You may have noticed that the Landmark hasn’t taken a strong editorial position either in favor or against the referendum question that’s on the ballot in Brookfield, asking residents to support a bond issue to build a new library.

It’s not because we don’t think a new library is needed.

The present Brookfield Public Library building is substandard in almost every way. It’s cramped, it’s configured oddly because of the pie-shaped lot the building was forced into, it’s barely accessible to the handicapped.

It’s difficult to host programming of any size, because there are so few rooms able to accommodate more than a couple dozen people at a time. It’s tough to find a quiet place to work, especially after school.

Truth be told, the Brookfield Public Library Board of Trustees did a disservice to the village when they approved the present building back in the mid-1980s. It was a penny-wise, pound-foolish solution that was blind to the future.

The building was constructed in such a way that a second-story addition cannot be added, so the footprint that exists now is the footprint that will continue to exist until a new facility is built.

It’s wholly inadequate.

The present library board has very deliberately built the case for a new facility and has been squirreling away money, in part by an additional tax levied at the end of each year. That practice got no attention from residents at all until this year, when some protested it was inappropriate.

Actually, the practice will allow the library board, if a referendum is approved, to sell less in bonds and make the annual blow to taxpayers a little smaller. That’s called planning.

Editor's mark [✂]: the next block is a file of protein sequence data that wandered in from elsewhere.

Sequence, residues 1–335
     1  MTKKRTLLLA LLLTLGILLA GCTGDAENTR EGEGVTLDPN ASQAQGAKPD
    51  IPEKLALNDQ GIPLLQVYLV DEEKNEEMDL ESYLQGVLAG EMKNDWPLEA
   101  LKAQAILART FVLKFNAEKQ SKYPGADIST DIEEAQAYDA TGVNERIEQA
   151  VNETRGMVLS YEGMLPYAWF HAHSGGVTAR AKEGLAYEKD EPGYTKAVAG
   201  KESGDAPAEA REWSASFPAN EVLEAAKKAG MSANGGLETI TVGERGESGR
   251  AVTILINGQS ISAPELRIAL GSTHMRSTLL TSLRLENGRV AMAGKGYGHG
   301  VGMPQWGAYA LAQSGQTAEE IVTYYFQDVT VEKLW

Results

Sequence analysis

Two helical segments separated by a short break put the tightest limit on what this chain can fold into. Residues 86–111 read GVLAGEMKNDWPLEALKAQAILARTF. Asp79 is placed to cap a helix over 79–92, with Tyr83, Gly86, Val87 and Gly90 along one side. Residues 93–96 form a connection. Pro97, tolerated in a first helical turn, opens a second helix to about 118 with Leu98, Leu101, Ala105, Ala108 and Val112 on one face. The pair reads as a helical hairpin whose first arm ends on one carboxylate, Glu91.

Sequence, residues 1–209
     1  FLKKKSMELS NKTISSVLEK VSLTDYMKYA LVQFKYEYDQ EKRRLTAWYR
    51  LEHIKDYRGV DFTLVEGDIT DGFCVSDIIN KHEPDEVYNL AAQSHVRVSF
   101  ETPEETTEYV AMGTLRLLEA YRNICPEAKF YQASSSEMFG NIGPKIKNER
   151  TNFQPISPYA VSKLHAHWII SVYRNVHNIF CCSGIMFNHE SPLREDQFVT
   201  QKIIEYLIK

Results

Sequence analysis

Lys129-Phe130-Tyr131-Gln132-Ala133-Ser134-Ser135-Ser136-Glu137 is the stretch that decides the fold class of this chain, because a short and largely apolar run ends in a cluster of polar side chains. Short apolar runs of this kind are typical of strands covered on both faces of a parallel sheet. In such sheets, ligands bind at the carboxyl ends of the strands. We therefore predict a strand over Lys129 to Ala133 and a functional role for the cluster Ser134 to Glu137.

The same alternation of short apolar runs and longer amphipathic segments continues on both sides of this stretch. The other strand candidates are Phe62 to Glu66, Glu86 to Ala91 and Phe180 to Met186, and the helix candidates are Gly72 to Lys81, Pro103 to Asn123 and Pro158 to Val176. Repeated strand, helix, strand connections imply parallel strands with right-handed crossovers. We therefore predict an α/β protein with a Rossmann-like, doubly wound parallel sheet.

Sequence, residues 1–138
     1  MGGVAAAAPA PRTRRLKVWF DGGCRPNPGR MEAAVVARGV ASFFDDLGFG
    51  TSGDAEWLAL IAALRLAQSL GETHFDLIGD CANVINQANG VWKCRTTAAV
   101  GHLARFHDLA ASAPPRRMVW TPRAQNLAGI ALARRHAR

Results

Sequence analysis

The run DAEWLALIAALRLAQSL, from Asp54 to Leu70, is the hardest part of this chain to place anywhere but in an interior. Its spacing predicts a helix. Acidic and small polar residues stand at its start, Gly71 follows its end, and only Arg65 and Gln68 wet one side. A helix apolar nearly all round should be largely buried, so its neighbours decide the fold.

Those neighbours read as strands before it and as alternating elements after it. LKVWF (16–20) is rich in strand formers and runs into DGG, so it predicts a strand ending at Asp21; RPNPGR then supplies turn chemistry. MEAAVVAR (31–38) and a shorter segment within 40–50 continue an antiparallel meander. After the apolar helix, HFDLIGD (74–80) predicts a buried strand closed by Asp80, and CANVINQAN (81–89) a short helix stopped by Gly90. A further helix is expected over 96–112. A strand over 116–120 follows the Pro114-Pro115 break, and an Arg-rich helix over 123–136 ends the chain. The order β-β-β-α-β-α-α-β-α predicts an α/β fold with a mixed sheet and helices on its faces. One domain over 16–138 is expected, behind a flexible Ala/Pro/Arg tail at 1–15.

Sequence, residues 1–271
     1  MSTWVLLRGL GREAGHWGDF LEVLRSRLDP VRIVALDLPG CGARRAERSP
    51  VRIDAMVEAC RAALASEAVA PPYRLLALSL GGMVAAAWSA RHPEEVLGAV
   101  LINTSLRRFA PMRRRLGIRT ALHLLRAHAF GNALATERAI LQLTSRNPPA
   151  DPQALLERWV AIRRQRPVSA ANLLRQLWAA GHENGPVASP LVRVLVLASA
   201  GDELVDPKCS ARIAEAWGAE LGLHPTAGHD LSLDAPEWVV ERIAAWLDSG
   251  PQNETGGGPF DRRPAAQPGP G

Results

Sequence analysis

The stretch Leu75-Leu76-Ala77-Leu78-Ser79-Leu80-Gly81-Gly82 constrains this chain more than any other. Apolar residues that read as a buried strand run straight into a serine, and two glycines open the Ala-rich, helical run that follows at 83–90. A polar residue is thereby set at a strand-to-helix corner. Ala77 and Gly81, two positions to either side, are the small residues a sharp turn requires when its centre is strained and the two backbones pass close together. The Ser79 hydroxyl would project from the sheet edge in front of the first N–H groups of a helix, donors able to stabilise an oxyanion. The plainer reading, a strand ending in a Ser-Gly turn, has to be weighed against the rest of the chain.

But we also realize the ramifications of such things to families in Brookfield. The village’s residents just passed a major bond referendum to improve the village’s streets. It was long-overdue recognition by the village board that it had to establish a sustainable, sensible way to fund the repair of failing public infrastructure. But it is coming with a real cost — $400 for the owner of an average home – over the next 15 years.

Residents who live in southwest Brookfield also face another referendum on the ballot – one to increase funding for School District 102. Success would mean another $320 annually for an average homeowner. And in the spring, School District 95 will be asking Proviso Township residents for a tax increase to fund a major building campaign. If successful, the average homeowner would pay an additional $500 per year.

It all adds up very quickly.

What it comes down to is individual priorities and the ability of each family’s bank account to pay for improved services or just keeping up with demand.

Would Brookfield residents benefit from a new library? Undoubtedly. The staff there has proven it knows what kind of programming residents want and has tried their best to deliver it within the confines of present conditions.

But this decision is between each resident and their pocketbooks. We’re sure it’s going to be a very tough call on Nov. 8.

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